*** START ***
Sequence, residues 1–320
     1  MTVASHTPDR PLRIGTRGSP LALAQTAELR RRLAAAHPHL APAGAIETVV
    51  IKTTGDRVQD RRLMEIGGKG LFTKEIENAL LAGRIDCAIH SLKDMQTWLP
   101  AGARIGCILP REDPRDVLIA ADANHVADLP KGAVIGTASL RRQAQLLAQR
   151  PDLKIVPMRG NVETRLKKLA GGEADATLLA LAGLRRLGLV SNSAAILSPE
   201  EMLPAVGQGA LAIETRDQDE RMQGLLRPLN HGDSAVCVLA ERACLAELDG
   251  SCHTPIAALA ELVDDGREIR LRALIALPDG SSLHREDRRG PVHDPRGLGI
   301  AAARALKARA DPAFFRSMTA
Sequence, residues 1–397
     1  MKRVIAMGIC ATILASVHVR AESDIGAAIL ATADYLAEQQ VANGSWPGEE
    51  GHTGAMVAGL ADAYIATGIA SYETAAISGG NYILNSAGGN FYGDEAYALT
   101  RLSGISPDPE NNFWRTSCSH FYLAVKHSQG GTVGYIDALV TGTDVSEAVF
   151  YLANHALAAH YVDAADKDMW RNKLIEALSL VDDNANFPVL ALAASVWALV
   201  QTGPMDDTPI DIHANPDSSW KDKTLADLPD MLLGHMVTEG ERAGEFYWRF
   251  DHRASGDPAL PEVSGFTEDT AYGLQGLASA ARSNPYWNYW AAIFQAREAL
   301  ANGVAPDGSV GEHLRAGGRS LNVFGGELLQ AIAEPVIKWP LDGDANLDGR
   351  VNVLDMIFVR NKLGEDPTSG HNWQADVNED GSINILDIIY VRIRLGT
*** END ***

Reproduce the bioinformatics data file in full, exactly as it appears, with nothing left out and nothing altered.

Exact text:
Sequence, residues 1–320
     1  MTVASHTPDR PLRIGTRGSP LALAQTAELR RRLAAAHPHL APAGAIETVV
    51  IKTTGDRVQD RRLMEIGGKG LFTKEIENAL LAGRIDCAIH SLKDMQTWLP
   101  AGARIGCILP REDPRDVLIA ADANHVADLP KGAVIGTASL RRQAQLLAQR
   151  PDLKIVPMRG NVETRLKKLA GGEADATLLA LAGLRRLGLV SNSAAILSPE
   201  EMLPAVGQGA LAIETRDQDE RMQGLLRPLN HGDSAVCVLA ERACLAELDG
   251  SCHTPIAALA ELVDDGREIR LRALIALPDG SSLHREDRRG PVHDPRGLGI
   301  AAARALKARA DPAFFRSMTA
Sequence, residues 1–397
     1  MKRVIAMGIC ATILASVHVR AESDIGAAIL ATADYLAEQQ VANGSWPGEE
    51  GHTGAMVAGL ADAYIATGIA SYETAAISGG NYILNSAGGN FYGDEAYALT
   101  RLSGISPDPE NNFWRTSCSH FYLAVKHSQG GTVGYIDALV TGTDVSEAVF
   151  YLANHALAAH YVDAADKDMW RNKLIEALSL VDDNANFPVL ALAASVWALV
   201  QTGPMDDTPI DIHANPDSSW KDKTLADLPD MLLGHMVTEG ERAGEFYWRF
   251  DHRASGDPAL PEVSGFTEDT AYGLQGLASA ARSNPYWNYW AAIFQAREAL
   301  ANGVAPDGSV GEHLRAGGRS LNVFGGELLQ AIAEPVIKWP LDGDANLDGR
   351  VNVLDMIFVR NKLGEDPTSG HNWQADVNED GSINILDIIY VRIRLGT